Barbara Bears and James Gotesky
Photo by Jim Caldwell
Houston Ballet opened the 36th season with a serious tone in New Orleans native Mireille Hassenboehler’s heartfelt curtain talk. She thanked the people of Houston for their generosity and reminded audiences to donate to the United Way’s Katrina fund.
There was no shortage of drama in John Cranko’s 1967 masterpiece Onegin. In Alexander Pushkin’s novel in verse, Cranko found a story of ill-fated romance ripe with psychological intrigue. Onegin, easily considered to be Cranko’s strongest narrative work, demonstrates his profound abilities to tell a story in and through dance. And, what a story it is, filled with doomed love, regret, cruelty, and gut-wrenching drama.
Barbara Bears convinced as the bookish, but prone to poor choices, Tatiana. Bears’ nonchalant athleticism provided a perfect match for Cranko’s complex, airborne choreography. Why this aloof girl falls for the snobbish Onegin is part of the mystery of the story. Simon Ball, cool and detached as ever, played up Onegin’s loutish ways with a haunting authority. It was evident from the get go, he was in it for himself. Ball’s steely demeanor made that clear.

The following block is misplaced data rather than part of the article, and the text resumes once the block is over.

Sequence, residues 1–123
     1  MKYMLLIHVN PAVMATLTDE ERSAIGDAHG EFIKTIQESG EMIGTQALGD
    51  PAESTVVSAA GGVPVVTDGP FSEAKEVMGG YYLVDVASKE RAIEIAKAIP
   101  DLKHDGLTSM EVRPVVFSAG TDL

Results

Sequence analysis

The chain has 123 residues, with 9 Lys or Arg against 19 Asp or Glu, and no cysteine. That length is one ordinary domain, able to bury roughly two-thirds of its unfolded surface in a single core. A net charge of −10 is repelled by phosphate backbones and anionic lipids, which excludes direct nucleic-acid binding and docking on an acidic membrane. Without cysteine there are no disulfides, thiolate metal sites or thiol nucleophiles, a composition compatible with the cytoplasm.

Laura Richards bubbled with innocent charm as Olga, Tatiana’s simple, but perky sister. Zdenek Konvalina danced Olga’s fiancée, Lensky, with honor despite a few unsteady moments.
In the final act, when Onegin is reduced to begging for Tatiana’s love, Onegin almost wins forgiveness. Cranko is at his best in the final duet between Tatiana and Onegin. Ball and Bears tore through the rough and jagged terrain of love with no possibility of a future with clipped precision alternating with soulful passion. It was a riveting conclusion of a story about difficult choices.
Tatiana had the final word as she unmercifully tore up Onegin’s letter as he had done earlier to her. He fled and Tatiana was left with the final tear as well. Bears handled the last moments of the ballet with a mature, understated depth. She’s done the right thing and banished the lout, but her pain and loss were palpable.
Reprinted from Artshouston, October 2005